From the start, The Handmaid’s Tale has been an exercise in weathering misery.
Like all good dystopian stories, it paints a grim picture of a future, albeit one predicated on the suffering of women — the infertile commander’s wives forbidden from reading, the Handmaids forced into non-consensual sex, the Marthas bound to a life of domestic servitude. “Hard to watch” doesn’t quite do it justice.
And then came the Season 3 finale, in which June scored an enormous victory for the fight against Gilead. Gunshot wound notwithstanding, it looked like June would finally get a reprieve from this life. Sadly, the first three episodes of the newly-launched Season 4 — especially Episode 3 — prove June’s suffering is far from over, and neither is the audience’s.
Major spoilers for The Handmaid’s Tale Season 4 episodes 1 - 3 are ahead.
Trigger warning: discussions of rape, torture, and PTSD are ahead. Read with caution.
The first thing you need to know about The Handmaid’s Tale Season 4 is that it is difficult to watch. That’s not new, of course. Confronting the harsh realities of Gilead is part of the Handmaid’s viewing experience. Just like June, we have to survive horrible experiences driven by the hope that she’ll be reunited with her husband and daughter again. Like June says in the show’s pilot, we intend to survive.
But at what point does that violence go from “cautionary tale” to “torture porn?” For me, the answer is Season 4, Episode 3.
Directed by Elisabeth Moss herself, Episode 3, called “The Crossing,” focuses on June, once again in Gilead’s captivity. The forces of Gilead are pressing her to give up the location of five other handmaids who are hidden in a barn. She refuses to reveal anything, outwardly speaking out against Aunt Lydia and the lieutenant who is tasked with making her talk.
This lieutenant’s methods are brutal, to say the least. He leads a group prayer before waterboarding June with what presumably is holy water, all while Aunt Lydia quietly embroiders in another room.
Later, June confronts Lydia, telling her, “You told those girls if they followed the rules, they would be okay. And then you sent them out to be raped and beaten, over and over and over.” This earns June another visit from the lieutenant, who begins to pull out her fingernail with pliers before being stopped by June, who feeds them false info.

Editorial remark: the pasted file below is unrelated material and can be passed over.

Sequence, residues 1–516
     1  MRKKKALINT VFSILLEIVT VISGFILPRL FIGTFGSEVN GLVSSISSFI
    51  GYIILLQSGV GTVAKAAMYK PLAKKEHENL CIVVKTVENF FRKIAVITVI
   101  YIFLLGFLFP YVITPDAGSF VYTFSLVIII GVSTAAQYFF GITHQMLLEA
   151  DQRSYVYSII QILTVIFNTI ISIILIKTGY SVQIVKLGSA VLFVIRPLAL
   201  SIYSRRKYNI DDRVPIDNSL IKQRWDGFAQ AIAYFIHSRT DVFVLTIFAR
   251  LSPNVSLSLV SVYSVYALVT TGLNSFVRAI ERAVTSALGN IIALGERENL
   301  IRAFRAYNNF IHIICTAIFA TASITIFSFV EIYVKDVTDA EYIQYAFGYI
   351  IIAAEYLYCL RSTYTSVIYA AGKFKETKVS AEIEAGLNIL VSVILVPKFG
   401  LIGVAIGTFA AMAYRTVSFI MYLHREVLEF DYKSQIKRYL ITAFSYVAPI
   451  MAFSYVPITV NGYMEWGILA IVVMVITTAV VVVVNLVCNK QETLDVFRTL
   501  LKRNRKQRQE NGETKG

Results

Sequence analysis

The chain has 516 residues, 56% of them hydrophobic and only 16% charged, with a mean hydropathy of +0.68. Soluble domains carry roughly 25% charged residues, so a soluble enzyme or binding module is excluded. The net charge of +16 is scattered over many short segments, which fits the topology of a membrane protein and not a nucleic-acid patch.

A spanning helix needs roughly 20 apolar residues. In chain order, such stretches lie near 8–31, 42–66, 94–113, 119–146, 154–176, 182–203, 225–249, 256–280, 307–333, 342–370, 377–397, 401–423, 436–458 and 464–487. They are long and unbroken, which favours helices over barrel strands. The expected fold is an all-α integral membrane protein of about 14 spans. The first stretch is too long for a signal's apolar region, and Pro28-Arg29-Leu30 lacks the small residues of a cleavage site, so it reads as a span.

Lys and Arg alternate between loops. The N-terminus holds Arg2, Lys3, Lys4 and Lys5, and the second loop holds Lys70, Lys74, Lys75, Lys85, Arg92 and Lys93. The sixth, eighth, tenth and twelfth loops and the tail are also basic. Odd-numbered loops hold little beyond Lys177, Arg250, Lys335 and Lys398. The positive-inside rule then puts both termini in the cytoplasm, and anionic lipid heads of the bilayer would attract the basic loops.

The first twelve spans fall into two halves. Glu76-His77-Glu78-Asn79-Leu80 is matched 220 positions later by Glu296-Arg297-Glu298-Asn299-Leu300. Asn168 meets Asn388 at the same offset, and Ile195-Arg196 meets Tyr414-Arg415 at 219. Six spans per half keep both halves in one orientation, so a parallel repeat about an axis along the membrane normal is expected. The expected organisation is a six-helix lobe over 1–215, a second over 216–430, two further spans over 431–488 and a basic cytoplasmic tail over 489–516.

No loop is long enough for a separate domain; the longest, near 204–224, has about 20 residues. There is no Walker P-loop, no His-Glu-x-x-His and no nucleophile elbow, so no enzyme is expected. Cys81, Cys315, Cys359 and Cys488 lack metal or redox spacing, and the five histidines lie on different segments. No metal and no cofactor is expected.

The torture never lets up. June is forced to watch as the lieutenant executes two handmaids, pushing them from a roof. At one point, the Gilead forces lock June inside a box, locked within a prison cell. Finally, she’s faced with the single worst punishment you could give a mother: bringing her face-to-face with her daughter Hannah, who not only doesn’t recognize June, but is actively afraid of her own mother.
That kind of psychological torture is enough to get June to crack and reveal where the other handmaids are located. What’s more, it’s clear that June’s experience of being around the person she loves most — her daughter — only to suffer such extreme rejection will have brutal consequences on the Handmaid’s protagonist moving forward. Those consequences are already here, as June tells Aunt Lydia she’s ready to die, for all of her suffering to end.
Of course, there’s still more suffering ahead.
After the torture, June and her fellow handmaids are sent to a labor colony. Before they arrive, however, the handmaids rebel against Aunt Lydia and take an opportunity to run free. But the hope for their survival is short-lived. All of these handmaids except for June and Janine die: one is shot, and two are run over by a train. June and Janine are barely able to get back on their feet and continue running for their lives, let alone the viewers, left breathless and traumatized in our own right.
It’s a tremendously brutal episode to behold, and one that creator Bruce Miller tells Inverse was not taken lightly. Miller says he and his fellow writers “tried to be thoughtful, respectful, and realistic” about the events depicted in Episode 3, leaning on experts who advised the creatives in how someone like June would respond to Gilead’s torturous tactics.
“I don't know if June acted in a way I would have predicted in some ways,” says Miller. “Those are the things we found out from talking to the real people. You need to be realistic about what you can get in your own head and how far you can push yourself in your imagination and knowing when to go to an expert.”
In terms of realistic expectations, The Handmaid’s Tale has always wrestled with a difficult premise. If June gets what she wants (namely, saving her daughter from Gilead, and getting out of the totalitarian nation safely), then there’s nowhere else for the show to go.
So, can June get what she wants at the end of this season? Considering the show’s already been greenlit for a fifth season, it’s looking very unlikely — and if her struggle continues to come with the level of brutality featured in this most recent string of episodes, it’s only going to get harder to want to watch.
The Handmaid’s Tale Season 4 is now streaming on Hulu.